7. The device of claim 6, wherein once the counter starts counting in response to the fire pulse, the counter is to continue to count in response to the comparing indicating that an evaluation criterion is satisfied.

8. The device of claim 6, wherein the fire pulse is to activate the nozzle.

9. The device of claim 1, wherein the count value of the counter identifies a duration between activation of the nozzle and a time at which the comparing indicates that the evaluation criterion is not satisfied.

10. The device of claim 9, further comprising a register to store the count value of the counter.

11. The device of claim 1, wherein the evaluation criterion is satisfied if the ink signal is greater than the reference value, and the evaluation criterion is not satisfied if the ink signal is below the reference value.

12. The device of claim 1, wherein the counter is to count clock cycles of a clock signal while the comparing indicates that the evaluation criterion is satisfied.

13. The device of claim 12, further comprising a gate to: enable the clock signal to be transmitted to a clock port of the counter while the comparing indicates that the evaluation criterion is satisfied, block the clock signal from the clock port of the counter if the comparing indicates that the evaluation criterion is not satisfied.

14. A device comprising: a signal module comprising a signal source, a first switch, and a second switch, the first switch when activated to communicate an input signal to an ink sample associated with a nozzle to be fired, to obtain, during an evaluation interval, an ink signal including an impedance characteristic; a comparator, wherein the second switch when activated is to couple the ink signal to an input of the comparator, the comparator to compare the ink signal to a reference value; and a counter to count over the evaluation interval in response to the comparing indicating that an evaluation criterion is satisfied, and the counter to stop counting in response to the comparing indicating that the evaluation criterion is not satisfied, a count value of the counter identifies a duration of the evaluation interval and provides an indicator of nozzle chamber operation corresponding to the ink signal; wherein the signal module is contained on an inkjet printhead die, such that the device may generate the input signal on the inkjet printhead die.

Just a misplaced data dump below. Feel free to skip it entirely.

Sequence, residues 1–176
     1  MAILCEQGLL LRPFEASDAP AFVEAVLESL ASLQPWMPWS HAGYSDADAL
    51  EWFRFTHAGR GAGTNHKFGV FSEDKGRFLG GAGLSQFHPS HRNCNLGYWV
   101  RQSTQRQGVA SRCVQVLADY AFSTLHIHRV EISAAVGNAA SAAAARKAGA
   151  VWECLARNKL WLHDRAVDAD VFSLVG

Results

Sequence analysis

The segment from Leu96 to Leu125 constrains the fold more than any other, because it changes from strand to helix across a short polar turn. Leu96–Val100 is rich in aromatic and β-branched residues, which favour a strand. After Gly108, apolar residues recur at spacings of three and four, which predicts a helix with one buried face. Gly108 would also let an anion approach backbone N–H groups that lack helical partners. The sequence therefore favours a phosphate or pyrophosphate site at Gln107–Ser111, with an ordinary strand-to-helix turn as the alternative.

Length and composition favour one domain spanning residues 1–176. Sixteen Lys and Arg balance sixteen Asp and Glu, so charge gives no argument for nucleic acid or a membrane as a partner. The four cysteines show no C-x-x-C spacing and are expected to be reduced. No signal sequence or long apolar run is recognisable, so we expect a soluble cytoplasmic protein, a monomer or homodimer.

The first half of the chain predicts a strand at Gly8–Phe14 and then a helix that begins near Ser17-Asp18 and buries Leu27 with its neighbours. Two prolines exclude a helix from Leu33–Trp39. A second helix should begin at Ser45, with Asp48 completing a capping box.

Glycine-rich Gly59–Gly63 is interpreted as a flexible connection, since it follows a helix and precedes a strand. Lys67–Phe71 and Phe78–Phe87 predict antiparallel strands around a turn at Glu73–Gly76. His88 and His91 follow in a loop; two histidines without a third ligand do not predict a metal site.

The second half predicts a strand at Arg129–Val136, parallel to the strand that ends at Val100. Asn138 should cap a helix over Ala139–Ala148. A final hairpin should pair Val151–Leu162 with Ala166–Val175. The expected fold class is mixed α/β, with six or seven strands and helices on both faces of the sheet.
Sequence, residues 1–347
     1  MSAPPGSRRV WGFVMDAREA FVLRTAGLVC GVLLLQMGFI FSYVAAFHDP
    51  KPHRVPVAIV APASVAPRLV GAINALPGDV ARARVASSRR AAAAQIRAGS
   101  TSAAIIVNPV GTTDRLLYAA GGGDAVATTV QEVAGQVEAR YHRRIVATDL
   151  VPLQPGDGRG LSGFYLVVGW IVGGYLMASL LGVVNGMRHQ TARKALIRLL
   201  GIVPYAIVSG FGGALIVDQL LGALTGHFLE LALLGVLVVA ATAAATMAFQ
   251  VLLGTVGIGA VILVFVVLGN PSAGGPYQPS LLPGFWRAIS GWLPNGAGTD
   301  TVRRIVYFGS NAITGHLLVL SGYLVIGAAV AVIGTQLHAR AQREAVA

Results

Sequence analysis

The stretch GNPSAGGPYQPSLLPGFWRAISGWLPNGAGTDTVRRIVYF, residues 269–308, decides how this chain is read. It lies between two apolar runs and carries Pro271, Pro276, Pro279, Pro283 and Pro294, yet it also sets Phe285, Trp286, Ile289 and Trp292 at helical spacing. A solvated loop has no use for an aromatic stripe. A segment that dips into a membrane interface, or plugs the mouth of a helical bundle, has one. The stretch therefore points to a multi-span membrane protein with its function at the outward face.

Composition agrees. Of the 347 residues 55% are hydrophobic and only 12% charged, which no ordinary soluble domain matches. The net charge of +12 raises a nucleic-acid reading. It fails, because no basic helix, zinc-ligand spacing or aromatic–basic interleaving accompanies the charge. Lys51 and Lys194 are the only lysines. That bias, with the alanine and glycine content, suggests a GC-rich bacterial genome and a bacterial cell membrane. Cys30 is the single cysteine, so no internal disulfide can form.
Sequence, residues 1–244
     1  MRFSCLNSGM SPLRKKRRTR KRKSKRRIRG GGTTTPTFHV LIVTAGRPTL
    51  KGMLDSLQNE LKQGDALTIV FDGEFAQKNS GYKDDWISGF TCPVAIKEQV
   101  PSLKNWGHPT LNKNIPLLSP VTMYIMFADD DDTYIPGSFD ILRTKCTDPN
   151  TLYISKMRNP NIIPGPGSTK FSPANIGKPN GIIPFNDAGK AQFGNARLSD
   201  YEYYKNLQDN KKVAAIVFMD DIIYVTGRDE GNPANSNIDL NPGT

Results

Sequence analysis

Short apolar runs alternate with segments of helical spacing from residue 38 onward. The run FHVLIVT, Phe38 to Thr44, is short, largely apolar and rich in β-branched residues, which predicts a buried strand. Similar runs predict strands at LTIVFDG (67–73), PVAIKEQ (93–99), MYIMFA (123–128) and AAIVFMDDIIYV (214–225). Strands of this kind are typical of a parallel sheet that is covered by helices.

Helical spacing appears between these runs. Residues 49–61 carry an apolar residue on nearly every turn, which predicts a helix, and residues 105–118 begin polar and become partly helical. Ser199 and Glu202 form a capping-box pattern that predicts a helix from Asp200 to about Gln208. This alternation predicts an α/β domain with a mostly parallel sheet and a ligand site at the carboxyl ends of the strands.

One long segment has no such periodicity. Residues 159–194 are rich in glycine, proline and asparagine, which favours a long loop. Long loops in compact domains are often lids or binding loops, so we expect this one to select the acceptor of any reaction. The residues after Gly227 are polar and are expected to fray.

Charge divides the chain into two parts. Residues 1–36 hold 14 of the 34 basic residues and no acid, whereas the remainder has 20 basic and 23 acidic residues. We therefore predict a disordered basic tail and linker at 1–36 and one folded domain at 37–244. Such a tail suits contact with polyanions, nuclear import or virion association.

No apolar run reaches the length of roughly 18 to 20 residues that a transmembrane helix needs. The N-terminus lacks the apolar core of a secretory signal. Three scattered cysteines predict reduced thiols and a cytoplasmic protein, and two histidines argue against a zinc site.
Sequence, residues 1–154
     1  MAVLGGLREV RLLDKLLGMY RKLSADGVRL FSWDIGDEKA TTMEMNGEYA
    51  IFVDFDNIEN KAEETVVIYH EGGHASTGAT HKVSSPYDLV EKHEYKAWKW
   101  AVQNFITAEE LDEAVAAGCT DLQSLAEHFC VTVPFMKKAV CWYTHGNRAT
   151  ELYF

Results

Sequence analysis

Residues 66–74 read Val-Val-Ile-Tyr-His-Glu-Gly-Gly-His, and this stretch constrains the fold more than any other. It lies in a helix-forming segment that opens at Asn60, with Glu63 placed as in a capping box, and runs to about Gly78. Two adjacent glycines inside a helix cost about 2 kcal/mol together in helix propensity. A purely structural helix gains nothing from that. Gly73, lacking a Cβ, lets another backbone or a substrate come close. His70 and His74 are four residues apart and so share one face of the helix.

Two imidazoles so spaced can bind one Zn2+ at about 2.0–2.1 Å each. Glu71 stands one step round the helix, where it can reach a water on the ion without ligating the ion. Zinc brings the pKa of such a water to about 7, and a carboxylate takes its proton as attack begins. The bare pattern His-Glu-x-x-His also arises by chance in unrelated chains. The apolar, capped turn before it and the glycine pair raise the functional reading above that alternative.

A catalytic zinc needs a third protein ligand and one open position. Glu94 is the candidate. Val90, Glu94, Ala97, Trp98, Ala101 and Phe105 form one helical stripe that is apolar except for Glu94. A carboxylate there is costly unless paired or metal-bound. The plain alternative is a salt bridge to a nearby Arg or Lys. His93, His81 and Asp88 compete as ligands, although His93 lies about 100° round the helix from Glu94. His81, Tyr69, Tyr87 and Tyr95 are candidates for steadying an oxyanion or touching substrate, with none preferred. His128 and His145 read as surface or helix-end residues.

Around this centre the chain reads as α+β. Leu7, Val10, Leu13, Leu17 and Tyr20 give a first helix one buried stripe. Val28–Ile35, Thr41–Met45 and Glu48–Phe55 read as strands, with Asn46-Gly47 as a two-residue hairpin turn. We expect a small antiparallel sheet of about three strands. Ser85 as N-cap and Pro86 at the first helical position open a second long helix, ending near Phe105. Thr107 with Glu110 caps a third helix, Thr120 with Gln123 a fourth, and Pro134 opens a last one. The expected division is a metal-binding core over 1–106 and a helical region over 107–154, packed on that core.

15. The device of claim 14, further comprising a register to store the count value of the counter independent of whether the counter is reset.

16. The device of claim 14, wherein the counter is to start counting in response to a fire pulse that activates the nozzle, the counter to continue to count in response to the comparing indicating that an evaluation criterion is satisfied.

17. The device of claim 14, wherein the counter is to count clock cycles of a clock signal while the comparing indicates that the evaluation criterion is satisfied, the device further comprising a gate to: enable the clock signal to be transmitted to a clock port of the counter while the comparing indicates that the evaluation criterion is satisfied, block the clock signal from the clock port of the counter if the comparing indicates that the evaluation criterion is not satisfied.

18. A method comprising: communicating an input signal from a signal source to an ink sample associated with a nozzle to be fired; receiving, during an evaluation interval, an ink signal including an impedance characteristic, the ink signal responsive to the input signal communicated to the ink sample; comparing, by a comparator, the ink signal to a reference value; counting, by a counter over the evaluation interval, while the comparing indicates that an evaluation criterion is satisfied; stopping the counter in response to the comparing indicating that the evaluation criterion is not satisfied; and outputting a count value of the counter, the count value providing an indicator of nozzle chamber operation corresponding to the ink signal.

19. The method of claim 18, further comprising initializing the reference value by a printer, in response to printer startup.